The commission convened at 6:10 p.m. and approved one case for rebuilding a house at 1659 28th Avenue South for mixed residential/commercial use, rezoning the property accordingly, [and expanding the kinds of dwellings allowed in “Mixed Use Districts.”] Also, the Regional Planning Commission presented its preliminary plan for the redevelopment of the West Homewood business district using a new form-based code to transform and unify the appearance of the area. That plan will undergo review by the commission with suggestions to be added to a final plan for commission approval, and ultimately for adoption by the Homewood City Council. There has been some interest in the plan from an existing West Homewood commercial property owner at the corner of Raleigh Avenue and Oak Grove Road, across from Patriot Park. (Links to pdf files of the form-based codes are below.)
Members Present: Billy Higginbotham, chairman, Mike Brandt, vice chairman, Joe Falconer, Battalion Chief McCombs, Fred Hawkins, James Ponseti, and James Riddle. (Mr. Falconer, the real estate agent for a property seller on two items, recused himself from voting and sitting on the dais for these cases. )
Members Absent: Fred Azbik, Mark Woods
Staff Present: Greg Cobb and Vanessa McGrath, Homewood Engineering, Planning and Zoning Department; Donna Bridges, board secretary.
Audience attendance: 28
Approved: Minutes of the April 2, 2013 meeting.
Approved for recommendation to the city council, with one abstention: In this case, the seller and purchaser asked to continue using property at 1659 28th Avenue South for both commercial and residential as well as to obtain commission approval to rezone the property from NPD (Neighborhood Preservation District, i.e., residential) to MXD (Mixed-use District). The property, most recently used as a printing business, was developed in the 1950s as a residence in the front and commercial in the rear. It has held several different kinds of ventures and was reportedly at one time a “speakeasy.” The building, which is in extreme disrepair, borders residential lots on two sides and commercial lots on the other two sides. The prospective buyer has plans to tear down the existing structure and rebuild on the exact footprint, with a single family dwelling for herself in the front and attached retail women’s clothing and accessories shop — and possibly a floral design business in the rear.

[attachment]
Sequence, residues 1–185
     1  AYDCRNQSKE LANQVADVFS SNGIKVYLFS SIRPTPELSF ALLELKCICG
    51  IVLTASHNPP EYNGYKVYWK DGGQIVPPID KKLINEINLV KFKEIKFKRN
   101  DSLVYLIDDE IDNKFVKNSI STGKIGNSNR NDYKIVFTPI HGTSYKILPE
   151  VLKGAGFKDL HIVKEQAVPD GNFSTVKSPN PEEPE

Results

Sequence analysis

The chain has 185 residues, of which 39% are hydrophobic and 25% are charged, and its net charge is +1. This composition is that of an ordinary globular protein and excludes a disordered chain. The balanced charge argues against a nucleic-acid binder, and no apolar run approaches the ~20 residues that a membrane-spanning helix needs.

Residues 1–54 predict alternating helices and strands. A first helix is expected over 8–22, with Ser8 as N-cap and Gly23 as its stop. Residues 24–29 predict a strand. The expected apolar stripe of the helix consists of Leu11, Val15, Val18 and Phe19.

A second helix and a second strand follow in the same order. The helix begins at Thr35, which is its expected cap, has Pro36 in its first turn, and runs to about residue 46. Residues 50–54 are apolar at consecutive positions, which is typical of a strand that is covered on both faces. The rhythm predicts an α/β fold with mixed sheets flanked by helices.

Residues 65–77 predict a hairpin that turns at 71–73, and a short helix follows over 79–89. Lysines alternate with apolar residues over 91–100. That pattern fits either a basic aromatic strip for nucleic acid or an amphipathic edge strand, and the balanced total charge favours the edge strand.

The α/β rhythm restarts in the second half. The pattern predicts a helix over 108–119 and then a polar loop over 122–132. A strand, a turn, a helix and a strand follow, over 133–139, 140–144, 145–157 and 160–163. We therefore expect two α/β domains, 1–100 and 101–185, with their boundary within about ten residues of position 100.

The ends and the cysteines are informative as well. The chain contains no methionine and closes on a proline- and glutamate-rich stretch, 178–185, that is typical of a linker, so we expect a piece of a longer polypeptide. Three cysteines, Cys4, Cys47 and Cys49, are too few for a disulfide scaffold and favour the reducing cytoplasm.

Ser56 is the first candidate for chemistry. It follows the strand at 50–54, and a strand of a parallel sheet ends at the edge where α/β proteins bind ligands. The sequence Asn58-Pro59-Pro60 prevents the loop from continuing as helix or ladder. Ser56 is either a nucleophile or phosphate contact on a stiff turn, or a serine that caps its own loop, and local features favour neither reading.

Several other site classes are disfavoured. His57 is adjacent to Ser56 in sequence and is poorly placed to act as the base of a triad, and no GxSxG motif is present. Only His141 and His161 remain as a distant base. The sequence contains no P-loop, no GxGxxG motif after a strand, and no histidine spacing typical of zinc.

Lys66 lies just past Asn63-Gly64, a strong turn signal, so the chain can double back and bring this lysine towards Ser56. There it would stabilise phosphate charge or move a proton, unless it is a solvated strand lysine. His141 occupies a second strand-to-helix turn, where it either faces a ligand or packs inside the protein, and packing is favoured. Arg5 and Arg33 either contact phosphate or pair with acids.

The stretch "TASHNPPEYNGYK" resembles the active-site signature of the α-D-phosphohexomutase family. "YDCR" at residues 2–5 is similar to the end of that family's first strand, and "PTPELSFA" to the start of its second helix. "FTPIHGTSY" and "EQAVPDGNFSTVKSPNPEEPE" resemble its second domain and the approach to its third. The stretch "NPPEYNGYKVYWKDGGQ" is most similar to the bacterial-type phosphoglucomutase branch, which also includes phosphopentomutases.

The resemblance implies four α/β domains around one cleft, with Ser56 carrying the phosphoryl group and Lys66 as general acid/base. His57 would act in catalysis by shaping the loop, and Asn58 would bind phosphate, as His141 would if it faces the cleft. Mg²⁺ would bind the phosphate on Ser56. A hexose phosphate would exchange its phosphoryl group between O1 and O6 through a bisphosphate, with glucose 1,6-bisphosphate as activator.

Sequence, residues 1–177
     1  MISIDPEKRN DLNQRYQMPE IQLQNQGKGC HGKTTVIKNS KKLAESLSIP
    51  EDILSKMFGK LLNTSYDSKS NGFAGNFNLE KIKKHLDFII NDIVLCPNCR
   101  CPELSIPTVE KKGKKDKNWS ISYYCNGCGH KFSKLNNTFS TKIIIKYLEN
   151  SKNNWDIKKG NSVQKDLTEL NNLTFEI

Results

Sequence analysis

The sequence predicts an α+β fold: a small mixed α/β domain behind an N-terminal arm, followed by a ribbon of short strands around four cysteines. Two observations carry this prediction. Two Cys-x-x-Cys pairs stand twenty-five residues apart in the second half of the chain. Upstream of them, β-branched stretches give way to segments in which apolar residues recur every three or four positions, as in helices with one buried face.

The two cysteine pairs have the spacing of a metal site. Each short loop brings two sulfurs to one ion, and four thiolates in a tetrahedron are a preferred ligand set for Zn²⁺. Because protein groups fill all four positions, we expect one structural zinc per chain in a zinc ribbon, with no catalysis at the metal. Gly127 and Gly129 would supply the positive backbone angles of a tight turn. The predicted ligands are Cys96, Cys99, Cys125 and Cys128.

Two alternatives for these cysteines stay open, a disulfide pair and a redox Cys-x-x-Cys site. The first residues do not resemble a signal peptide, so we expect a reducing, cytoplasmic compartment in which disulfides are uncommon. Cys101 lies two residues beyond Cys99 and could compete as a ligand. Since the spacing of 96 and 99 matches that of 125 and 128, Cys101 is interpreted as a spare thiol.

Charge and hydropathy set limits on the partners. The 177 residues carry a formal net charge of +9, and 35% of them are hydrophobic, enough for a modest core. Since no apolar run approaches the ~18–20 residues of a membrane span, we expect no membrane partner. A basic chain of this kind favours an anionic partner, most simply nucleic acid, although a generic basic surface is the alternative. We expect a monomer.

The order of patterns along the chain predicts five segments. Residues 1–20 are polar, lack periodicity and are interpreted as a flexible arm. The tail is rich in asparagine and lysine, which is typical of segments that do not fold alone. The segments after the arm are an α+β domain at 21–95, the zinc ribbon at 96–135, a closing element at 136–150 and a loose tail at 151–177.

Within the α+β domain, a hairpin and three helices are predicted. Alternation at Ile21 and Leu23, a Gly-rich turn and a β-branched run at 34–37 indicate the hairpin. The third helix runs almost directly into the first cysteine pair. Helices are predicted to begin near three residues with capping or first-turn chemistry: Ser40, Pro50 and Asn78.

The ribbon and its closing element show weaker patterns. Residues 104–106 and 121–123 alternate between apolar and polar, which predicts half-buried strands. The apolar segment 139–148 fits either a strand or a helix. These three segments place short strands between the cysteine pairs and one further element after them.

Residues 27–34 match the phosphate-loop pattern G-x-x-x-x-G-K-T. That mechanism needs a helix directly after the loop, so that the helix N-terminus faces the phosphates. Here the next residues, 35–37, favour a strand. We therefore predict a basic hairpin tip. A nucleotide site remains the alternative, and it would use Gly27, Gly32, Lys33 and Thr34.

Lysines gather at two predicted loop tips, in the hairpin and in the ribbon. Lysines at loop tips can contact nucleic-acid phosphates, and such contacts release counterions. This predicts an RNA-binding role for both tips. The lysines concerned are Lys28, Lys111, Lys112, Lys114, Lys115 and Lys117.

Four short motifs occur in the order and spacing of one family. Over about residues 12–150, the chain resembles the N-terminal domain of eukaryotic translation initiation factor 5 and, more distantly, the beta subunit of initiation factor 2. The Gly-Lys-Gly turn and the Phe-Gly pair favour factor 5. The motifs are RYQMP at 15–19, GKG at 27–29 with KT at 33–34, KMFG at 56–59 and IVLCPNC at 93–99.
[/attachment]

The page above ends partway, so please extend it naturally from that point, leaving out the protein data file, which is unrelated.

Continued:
Three neighbors spoke, though there were several more in the audience for this case. Their main concerns were the fate of the property if the business failed, that the property continue to be a single family dwelling, and that there be more off-street parking provided. After discussion with the commission, the buyer offered to maintain the current fence between the property and other residences, and to add additional off-street parking spaces.
[Beside the vote to rezone, the commission also voted to amend the Mixed Use District, recommending to strike individually-owned “Condominiums” and replace with the more inclusive “dwelling units.” The amendment and rezoning recommendations both go to the city council] Added 05/23/13.
Mr. Higginbotham said any changes to the residential property would have to come back before the commission for approval. The buyer also agreed to continue meeting with neighbors to address their concerns and to ensure that the street remains as clear of traffic and parking as possible.
Abstaining: Joe Falconer, real estate agent for the seller, abstained to avoid a conflict of interest.